Hispanic immigrants strain resources


Bill Radke: Yesterday, we told you about a study of rural towns that have seen a big influx of undocumented Latino laborers. And it turned out a lot of the common stereotypes about these immigrants were false. But there were some exceptions. Marketplace's Jeff Tyler takes us to Warsaw, North Carolina.

Jeff Tyler: You can see the changing demographics in the faces of school children. Traditionally, most of the students at Warsaw Elementary School have been black or white. These days, there are more kids from Mexico and other Latin American countries.

Most are presumed to be in the country illegally. In fact, Hispanics make up about 20 percent of the population in Duplin county -- that's almost three times the average in other parts of North Carolina. And the flood of new folks has put a strain on some local services.

Win Batten is mayor of Warsaw:

Win Batten: We have had some overcrowding in some of our schools because of the influx of Hispanic and Latino workers.

A recent study looked at the economic impact of Hispanic immigrants moving into small rural communities. The study found that poverty and unemployment rates actually fell when Hispanics came to town. But the new immigrants did create new expenses for rural schools.

Study co-author Martha Crowley with North Carolina State University says schools face a challenge with kids who can't speak English.

Martha Crowley: The schools are required to provide bilingual materials, bilingual information to go out to parents, English-as-a-second-language programs that they, in other circumstances, would not need to provide or pay for.

A similar kind of financial pressure has been placed on rural hospitals. Duplin General Hospital doesn't track the legal status of its patients. But it has seen an increase in Hispanics without insurance. And they constitute a majority of patients receiving some hospital services. Like delivering babies.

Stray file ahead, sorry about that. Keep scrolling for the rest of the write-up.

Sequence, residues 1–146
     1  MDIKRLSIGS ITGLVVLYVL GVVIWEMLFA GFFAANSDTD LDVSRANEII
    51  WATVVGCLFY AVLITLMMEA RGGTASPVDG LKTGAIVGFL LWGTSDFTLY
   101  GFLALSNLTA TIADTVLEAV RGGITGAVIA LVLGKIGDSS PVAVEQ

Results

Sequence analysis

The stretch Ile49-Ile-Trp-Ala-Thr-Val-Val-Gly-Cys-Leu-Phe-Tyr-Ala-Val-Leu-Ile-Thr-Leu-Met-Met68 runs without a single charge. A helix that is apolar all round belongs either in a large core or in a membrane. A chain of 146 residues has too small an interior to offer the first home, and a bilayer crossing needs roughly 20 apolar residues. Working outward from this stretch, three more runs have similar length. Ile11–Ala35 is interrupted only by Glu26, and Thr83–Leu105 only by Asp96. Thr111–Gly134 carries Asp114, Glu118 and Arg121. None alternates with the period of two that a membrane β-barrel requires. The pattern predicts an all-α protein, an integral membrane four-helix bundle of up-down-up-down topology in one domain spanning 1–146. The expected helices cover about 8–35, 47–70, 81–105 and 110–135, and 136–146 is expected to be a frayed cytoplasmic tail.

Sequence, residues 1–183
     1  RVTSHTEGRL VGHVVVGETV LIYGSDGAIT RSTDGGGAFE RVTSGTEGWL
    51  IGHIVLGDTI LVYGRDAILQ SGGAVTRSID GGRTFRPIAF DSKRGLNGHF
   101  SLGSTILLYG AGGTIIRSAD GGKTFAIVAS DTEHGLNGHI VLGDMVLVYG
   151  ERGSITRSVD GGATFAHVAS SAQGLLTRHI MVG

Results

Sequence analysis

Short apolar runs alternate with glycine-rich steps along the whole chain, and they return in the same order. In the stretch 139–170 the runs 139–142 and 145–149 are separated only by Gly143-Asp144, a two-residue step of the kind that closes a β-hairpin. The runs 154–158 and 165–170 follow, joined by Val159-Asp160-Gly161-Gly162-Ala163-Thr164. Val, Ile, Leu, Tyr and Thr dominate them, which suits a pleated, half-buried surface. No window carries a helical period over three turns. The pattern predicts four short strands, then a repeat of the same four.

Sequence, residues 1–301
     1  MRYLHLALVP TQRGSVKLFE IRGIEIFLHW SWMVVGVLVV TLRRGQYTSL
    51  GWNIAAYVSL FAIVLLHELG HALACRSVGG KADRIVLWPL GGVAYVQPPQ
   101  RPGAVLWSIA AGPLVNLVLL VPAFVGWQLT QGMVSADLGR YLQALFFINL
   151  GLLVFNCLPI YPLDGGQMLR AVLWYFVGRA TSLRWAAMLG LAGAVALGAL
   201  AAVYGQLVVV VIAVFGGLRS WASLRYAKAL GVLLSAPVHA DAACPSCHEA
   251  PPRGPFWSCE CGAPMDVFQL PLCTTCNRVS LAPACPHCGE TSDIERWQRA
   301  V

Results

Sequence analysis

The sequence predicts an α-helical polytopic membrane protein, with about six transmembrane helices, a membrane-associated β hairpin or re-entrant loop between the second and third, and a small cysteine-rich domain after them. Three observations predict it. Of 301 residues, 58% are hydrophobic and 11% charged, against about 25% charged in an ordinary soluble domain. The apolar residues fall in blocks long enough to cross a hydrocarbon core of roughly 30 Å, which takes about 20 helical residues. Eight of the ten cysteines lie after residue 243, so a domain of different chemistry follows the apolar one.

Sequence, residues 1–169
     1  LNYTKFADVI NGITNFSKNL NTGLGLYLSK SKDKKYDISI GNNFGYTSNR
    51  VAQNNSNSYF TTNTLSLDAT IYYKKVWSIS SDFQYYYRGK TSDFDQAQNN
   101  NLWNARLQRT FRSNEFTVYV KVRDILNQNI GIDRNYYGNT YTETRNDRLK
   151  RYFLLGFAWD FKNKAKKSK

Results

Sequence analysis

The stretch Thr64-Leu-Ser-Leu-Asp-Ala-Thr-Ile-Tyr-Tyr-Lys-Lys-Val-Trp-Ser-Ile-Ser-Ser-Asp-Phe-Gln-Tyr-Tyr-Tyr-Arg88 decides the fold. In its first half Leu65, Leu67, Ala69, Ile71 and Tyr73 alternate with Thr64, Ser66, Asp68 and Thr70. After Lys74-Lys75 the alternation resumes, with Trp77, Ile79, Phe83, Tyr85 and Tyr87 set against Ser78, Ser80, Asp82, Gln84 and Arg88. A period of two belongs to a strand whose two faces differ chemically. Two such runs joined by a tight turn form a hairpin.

Harvey Case: We had 532 deliveries -- 56 percent of those deliveries were Latino.

That's Harvey Case, the president of Duplin General Hospital. He says translators had to be hired to help those who speak only Spanish.

Case: Just like a lot of rural hospitals, our hospital is losing money. And any time you get a population that has a negative impact on the operating margin, it just creates a real challenge for us.

It's a challenge shared by rural schools and hospitals around the country.

I'm Jeff Tyler for Marketplace.

About the author

Jeff Tyler is a reporter for Marketplace’s Los Angeles bureau, where he reports on issues related to immigration and Latin America.
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What is the full name or link to the study you mention in your article? I would like to see if for myself. . .

I'm disgusted by the way this story is presented. To start, by saying "Latino" you are encompassing generations of Americans which live here for many years many of us born here. The people on this story are not legal and are recent immigrants which mainly cross the border illegally. Not all Latinos are the same and the category you are implying in this story are not Latinos but illegal workers. For example if some illegal Haitian immigrants cause similar problems would you name the story "Rural Blacks..." ?
there is a big difference between illegal immigrants and legal naturalized immigrants.
Secondly, why is this emphasis only on the actual workers? could this be called "hiring of illegal workers challenge...", if people stop hiring illegals they wont go there and prob stop crossing the border illegally.

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